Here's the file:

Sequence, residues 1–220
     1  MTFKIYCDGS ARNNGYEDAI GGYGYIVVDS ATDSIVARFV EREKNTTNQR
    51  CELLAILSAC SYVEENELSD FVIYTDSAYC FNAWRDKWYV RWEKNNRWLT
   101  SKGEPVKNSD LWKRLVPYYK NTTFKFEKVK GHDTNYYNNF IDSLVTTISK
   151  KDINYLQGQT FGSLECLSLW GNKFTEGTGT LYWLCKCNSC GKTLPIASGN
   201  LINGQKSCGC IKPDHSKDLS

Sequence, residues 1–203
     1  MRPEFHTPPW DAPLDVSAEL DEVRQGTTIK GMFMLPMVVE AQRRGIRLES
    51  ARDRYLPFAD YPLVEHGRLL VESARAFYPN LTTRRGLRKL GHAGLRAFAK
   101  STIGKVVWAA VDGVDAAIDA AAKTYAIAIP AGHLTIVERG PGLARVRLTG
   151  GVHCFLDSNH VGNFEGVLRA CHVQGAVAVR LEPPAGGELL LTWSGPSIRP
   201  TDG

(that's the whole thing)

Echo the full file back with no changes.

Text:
Sequence, residues 1–220
     1  MTFKIYCDGS ARNNGYEDAI GGYGYIVVDS ATDSIVARFV EREKNTTNQR
    51  CELLAILSAC SYVEENELSD FVIYTDSAYC FNAWRDKWYV RWEKNNRWLT
   101  SKGEPVKNSD LWKRLVPYYK NTTFKFEKVK GHDTNYYNNF IDSLVTTISK
   151  KDINYLQGQT FGSLECLSLW GNKFTEGTGT LYWLCKCNSC GKTLPIASGN
   201  LINGQKSCGC IKPDHSKDLS

Sequence, residues 1–203
     1  MRPEFHTPPW DAPLDVSAEL DEVRQGTTIK GMFMLPMVVE AQRRGIRLES
    51  ARDRYLPFAD YPLVEHGRLL VESARAFYPN LTTRRGLRKL GHAGLRAFAK
   101  STIGKVVWAA VDGVDAAIDA AAKTYAIAIP AGHLTIVERG PGLARVRLTG
   151  GVHCFLDSNH VGNFEGVLRA CHVQGAVAVR LEPPAGGELL LTWSGPSIRP
   201  TDG